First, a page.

The 2012 Future of Music Summit has come and gone, and if you were one of the more than 2,000 live viewers (and countless more tweeters, etc.), you know it was one for the books. And if you missed it, don’t worry: we’ll have complete archives of the event uploaded as soon as possible.
As always, we are incredibly grateful for all of the amazing speakers and presenters who helped make this year’s conference in Washington, DC an informative — and often feisty — affair. We’d also like to give a nod to our staff whose dedication and commitment made it all possible. And our hosts at New America Foundation for providing a great environment for these crucial conversations.
It’s almost impossible to recap everything that went down yesterday, but the biggest fireworks surrounded the debates about the Internet Radio Fairness Act (IRFA), which aims to change the standard through which webcast royalty rates are generated. Critics say the bill would lower compensation for artists and contains language that could inhibit the collective bargaining power of creators. Proponents suggest that lowering rates for webcasters will grow the marketplace and ultimately reward both artists and innovators.
Our panel on the issue was called “Radio-active: Internet Broadcasting and Artist Compensation,” and featured Kurt Hanson CEO, AccuRadio.com; Publisher, RAIN: Radio And Internet Newsletter; David Lowery University of Georgia/Cracker/Camper Van Beethoven; Michael Petricone Senior Vice President, Government Affairs, Consumer Electronics Association; Patricia Polach Of Counsel, Bredhoff & Kaiser, PLLC, and Associate General Counsel of American Federation of Musicians; Colin Rushing General Counsel, SoundExchange; and Chris Richards Washington Post Pop Music Critic (moderator). You can check out a great recap from Greg Kot of Chicago Tribune right here. Kot also interviewed Tim Westergren of Pandora, which generated its own heat in the form of audience questions.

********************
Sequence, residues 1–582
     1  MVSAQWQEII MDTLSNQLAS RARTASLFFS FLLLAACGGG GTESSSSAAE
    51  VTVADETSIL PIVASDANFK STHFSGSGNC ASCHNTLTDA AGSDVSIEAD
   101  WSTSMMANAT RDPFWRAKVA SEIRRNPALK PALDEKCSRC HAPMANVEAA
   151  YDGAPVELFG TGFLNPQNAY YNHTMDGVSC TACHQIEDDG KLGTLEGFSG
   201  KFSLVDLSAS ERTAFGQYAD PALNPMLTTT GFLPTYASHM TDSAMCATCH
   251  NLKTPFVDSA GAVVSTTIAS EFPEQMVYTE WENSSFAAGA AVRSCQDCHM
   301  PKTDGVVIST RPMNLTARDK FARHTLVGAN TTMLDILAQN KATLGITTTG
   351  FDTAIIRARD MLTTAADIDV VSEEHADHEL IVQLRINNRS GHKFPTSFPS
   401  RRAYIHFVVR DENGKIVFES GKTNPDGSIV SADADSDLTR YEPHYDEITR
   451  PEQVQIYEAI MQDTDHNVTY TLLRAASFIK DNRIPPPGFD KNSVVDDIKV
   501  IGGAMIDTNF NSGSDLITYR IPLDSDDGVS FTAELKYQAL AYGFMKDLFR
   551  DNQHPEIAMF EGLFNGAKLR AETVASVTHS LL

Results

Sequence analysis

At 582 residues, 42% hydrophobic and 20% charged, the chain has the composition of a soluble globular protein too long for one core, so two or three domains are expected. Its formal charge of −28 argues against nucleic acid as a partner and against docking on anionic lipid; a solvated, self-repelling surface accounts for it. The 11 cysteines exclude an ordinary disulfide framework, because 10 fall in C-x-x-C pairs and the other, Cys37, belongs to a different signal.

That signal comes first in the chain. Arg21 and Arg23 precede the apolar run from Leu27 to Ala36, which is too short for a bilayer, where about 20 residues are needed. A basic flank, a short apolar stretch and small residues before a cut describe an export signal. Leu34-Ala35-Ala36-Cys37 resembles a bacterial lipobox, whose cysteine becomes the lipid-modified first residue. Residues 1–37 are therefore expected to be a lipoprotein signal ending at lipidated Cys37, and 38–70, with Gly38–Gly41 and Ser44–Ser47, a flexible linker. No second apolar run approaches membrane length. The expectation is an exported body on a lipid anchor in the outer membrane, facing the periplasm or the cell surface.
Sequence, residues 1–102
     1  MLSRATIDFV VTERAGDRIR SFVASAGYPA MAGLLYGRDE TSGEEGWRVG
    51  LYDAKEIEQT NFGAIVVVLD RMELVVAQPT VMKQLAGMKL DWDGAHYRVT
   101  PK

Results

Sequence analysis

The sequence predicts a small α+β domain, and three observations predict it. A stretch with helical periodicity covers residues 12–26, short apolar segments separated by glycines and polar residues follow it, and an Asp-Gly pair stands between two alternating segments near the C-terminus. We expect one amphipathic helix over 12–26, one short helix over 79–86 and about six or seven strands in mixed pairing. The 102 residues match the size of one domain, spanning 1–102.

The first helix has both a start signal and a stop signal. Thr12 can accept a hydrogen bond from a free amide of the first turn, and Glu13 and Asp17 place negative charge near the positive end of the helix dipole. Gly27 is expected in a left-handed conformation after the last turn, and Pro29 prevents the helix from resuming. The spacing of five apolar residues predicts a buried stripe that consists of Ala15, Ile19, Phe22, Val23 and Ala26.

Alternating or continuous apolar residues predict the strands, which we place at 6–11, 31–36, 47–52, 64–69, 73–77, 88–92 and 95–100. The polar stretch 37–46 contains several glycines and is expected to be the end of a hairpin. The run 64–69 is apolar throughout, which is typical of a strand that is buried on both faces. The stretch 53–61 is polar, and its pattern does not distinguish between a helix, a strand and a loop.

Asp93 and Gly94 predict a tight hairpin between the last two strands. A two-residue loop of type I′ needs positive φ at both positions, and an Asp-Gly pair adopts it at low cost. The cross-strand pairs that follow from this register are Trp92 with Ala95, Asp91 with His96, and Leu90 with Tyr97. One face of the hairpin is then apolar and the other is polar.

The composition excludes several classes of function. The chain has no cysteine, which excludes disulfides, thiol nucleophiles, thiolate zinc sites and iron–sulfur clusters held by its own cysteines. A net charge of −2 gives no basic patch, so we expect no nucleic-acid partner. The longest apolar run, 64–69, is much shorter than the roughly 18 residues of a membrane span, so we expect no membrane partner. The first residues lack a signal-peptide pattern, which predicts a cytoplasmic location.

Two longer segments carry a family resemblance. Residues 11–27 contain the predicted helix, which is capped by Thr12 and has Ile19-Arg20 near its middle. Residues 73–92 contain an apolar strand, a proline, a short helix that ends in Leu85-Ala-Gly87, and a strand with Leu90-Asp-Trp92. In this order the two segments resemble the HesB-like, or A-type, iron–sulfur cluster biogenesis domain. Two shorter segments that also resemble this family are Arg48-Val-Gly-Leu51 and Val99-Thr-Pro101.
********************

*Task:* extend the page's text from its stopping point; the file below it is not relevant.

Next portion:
Also weighing in was Senator Ron Wyden (D-OR), who introduced the bill in the Senate. His keynote speech put the issue in terms of allowing for disruptive innovations that ultimately benefit artists. Digital Music News has published the entirety of the Senator’s remarks.
But Summit wasn’t just a back-and-forth about royalty rates. Elsewhere, panelists tackled issues ranging from intellectual property enforcement to artistic expression writ large. Artist-oriented tech presentations got a killer reaction from musicians watching the proceedings near and far. Author Thomas Frank stole the show with his pointed observations about cultural policy and “hipsterism.” A passel of musicians, writers and digital service operators including Ben Weinman of Dillinger Escape Plan, Benji Rogers of PledgeMusic and Jennifer Mondie of the National Symphony Orchestra waxed philosophical about how musicians’ labors might be valued in a dynamic landscape for music and technology.
We also examined the importance of data to cultural policymaking and examined what the election results might mean for the arts sector. We heard from amazing musicians and activists like Merrill Garbus of tUnE-yArDs; Jordan Kurland, Musician Manager, Zeitgeist Artist Management; Thao Nguyen of Thao & The Get Down Stay Down; Chris Walla of Death Cab for Cutie; and Erin Potts Executive Director, Air Traffic Control. We explored what the Pussy Riot case means not only for free expression but a global network of activism enhanced by technology.
And thanks most of all, to you. Your participation — in person and online — is what makes our events worthwhile. If you enjoyed the conversations or learned something new, please consider contributing to Future of Music Coalition so we can keep on advocating for musicians the year ‘round.